by DEBORAH NEEDLEMAN
MOST PEOPLE SEEK OUT THEIR LIFE’S WORK, but for America’s foremost public garden designer, Lynden Miller, it came looking for her. In the early 1980s, when New York City was racially polarized and its parks were derelict and dangerous, Miller was an artist working from the privileged domain of the Upper East Side. Her friend Betsy Barlow Rogers had recently founded the Central Park Conservancy in order to raise private money for the restoration of Olmsted’s decaying masterpiece in the heart of Manhattan. At the park’s northern edge, adjacent to Harlem, stood an old formal garden, designed in the 1930s, called the Conservatory Garden, which was now overgrown and ridden with trash. Rogers thought it would benefit from an artist’s eye guiding its restoration, and asked Miller to take charge of it. Miller, for her part, thought Rogers was crazy. Miller had a lovely garden in Connecticut she tended on weekends, but what did she know of urban blight, largescale public spaces, fund-raising, or management? Moreover, Rogers’s mandate to Miller was daunting in its scope: raise all the money yourself, make it beautiful, and bring the people back.
But Miller fell in love. She saw through the garden’s unruly mess to its magical past. This abandoned place had clearly once been a formal jewel tucked within Olmsted’s pastoral landscape, and Miller became determined to restore its luster. She did the only thing a woman in her position could think of: she packed up a slide carousel of some English gardens she admired and went door-to-door beseeching neighbors to help her turn this Harlem garden into a Hidcote. Miller heard the same nay-saying refrain over and over. Even if she did transform the garden, it would be trashed and vandalized.
But the lessons Miller learned in remaking that garden taught her otherwise, and have since formed the backbone of her beliefs and her work. With the $25,000 she raised and a handful of volunteers, Miller hacked away at the hardened earth. They replanted one section of the garden—and then another, and another. People began to return. They approached Miller to ask about plants they recognized from an aunt’s or grandmother’s garden, they brought their friends, they snapped pictures of one another in front of the borders. Miller’s plantings not only brought the people back, but this public gift of beauty inspired deep gratitude and pride on the part of the community.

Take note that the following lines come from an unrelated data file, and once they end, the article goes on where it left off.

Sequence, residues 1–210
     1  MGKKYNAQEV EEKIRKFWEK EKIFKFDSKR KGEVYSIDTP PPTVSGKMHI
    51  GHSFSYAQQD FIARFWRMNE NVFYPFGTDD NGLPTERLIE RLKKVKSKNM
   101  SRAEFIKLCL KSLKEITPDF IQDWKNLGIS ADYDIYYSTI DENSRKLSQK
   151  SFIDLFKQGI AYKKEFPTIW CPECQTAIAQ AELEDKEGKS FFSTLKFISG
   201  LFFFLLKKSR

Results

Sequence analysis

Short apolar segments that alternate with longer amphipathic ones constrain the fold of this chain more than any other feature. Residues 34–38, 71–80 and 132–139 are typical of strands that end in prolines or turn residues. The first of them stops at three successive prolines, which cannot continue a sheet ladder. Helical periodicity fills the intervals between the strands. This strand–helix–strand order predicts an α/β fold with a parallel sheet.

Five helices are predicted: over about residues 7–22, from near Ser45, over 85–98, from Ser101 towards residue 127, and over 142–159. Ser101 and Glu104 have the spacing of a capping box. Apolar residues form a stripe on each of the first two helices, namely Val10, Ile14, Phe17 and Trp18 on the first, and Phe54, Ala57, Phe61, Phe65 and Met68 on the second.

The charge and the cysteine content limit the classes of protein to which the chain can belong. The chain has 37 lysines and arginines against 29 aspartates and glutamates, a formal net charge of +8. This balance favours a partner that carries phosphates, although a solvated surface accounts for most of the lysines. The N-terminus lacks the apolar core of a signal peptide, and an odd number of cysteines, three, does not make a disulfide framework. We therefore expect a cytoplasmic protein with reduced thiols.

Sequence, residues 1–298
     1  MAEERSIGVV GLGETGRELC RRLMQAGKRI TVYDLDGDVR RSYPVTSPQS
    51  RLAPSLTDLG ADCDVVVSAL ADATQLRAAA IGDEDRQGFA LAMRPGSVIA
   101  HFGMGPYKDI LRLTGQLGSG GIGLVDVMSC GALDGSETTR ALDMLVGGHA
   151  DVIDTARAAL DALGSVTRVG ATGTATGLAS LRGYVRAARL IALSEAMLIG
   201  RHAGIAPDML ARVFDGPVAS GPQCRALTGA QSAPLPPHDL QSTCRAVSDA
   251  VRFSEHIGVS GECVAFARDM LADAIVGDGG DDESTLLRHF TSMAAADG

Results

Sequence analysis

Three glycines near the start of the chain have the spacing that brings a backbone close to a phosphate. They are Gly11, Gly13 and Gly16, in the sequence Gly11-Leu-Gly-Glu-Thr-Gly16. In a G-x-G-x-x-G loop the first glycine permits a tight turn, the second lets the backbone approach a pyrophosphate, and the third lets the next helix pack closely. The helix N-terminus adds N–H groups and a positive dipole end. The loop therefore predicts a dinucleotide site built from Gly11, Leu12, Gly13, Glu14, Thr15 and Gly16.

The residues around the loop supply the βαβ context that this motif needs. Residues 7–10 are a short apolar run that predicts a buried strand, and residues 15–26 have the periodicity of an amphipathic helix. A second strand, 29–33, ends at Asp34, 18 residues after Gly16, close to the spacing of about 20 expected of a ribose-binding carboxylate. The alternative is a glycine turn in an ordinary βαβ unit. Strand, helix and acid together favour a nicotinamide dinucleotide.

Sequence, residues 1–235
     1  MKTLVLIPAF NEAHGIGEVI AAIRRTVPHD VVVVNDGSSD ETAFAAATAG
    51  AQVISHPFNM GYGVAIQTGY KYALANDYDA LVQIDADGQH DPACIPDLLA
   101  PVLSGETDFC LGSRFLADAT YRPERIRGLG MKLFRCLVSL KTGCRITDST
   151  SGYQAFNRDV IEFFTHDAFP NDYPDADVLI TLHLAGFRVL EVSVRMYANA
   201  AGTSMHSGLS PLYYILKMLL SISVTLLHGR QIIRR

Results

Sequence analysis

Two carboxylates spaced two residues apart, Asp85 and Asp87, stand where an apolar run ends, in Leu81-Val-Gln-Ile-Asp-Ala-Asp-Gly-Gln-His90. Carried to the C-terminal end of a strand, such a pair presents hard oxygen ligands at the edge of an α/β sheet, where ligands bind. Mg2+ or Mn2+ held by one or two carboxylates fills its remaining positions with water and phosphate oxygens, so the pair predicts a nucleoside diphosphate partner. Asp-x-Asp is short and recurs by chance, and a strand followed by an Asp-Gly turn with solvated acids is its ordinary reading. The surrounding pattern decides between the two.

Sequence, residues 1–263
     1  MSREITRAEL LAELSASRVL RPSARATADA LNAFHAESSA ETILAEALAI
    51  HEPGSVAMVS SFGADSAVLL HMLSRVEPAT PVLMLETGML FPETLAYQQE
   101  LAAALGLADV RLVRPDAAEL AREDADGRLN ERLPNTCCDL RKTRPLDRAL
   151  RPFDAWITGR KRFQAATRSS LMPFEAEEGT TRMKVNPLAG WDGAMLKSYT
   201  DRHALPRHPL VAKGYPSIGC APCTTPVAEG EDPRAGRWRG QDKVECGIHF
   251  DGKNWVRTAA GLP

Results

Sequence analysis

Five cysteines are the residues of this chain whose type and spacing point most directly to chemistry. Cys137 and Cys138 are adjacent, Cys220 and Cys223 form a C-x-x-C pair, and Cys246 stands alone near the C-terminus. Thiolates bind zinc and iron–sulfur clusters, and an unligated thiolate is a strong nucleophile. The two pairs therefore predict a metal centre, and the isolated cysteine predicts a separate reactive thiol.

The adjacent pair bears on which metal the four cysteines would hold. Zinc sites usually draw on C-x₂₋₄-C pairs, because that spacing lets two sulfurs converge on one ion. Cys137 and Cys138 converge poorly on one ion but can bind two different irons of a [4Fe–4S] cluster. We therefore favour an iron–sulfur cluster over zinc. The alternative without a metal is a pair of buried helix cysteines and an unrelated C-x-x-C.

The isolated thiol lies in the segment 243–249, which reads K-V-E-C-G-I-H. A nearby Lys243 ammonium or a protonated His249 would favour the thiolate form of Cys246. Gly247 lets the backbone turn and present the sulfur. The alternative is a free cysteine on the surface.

While Miller has gone on in the ensuing 20 years to make many other public gardens in New York City, she has never left the Conservatory Garden. She is still there every week, because what she learned is that if you make a place beautiful, people will come—but only if you keep it beautiful will they stay and respect it. Miller reintroduced to the country the idea that urban places can have the same kind of complex and glorious mixed borders as grand estate gardens. But she recognized that, like their private counterparts, these plantings require not just care, but money to maintain them. In tandem with her design work, Miller has been a tireless proselytizer on behalf of the transformative powers of gardens in the hectic lives of city dwellers and the importance of funding them. When she gives talks—accompanied by her shocking “before” and glorious plant-and-people-filled “after” slides—audience members are sometimes moved to tears, and often to action. Recently, after one such talk, a Seattle developer turned over a $650,000 parcel of land in a distressed neighborhood to the Seattle Parks Foundation for the creation of a garden.
One of Miller’s mentors was the great urban theorist William “Holly” Whyte, whose studies of how people like to use a public space deeply influenced the team she worked with on the restoration of Bryant Park, another once-frightening, now-beloved public space in Manhattan. One afternoon toward the end of his life, Miller took him to the Conservatory Garden. Sitting amid the people enjoying the garden, he exclaimed, “Lynden, the thing I’ve forgotten is horticulture!” Fortunately for New Yorkers, Lynden Miller doesn’t forget, and she hopes to make sure future generations won’t either. H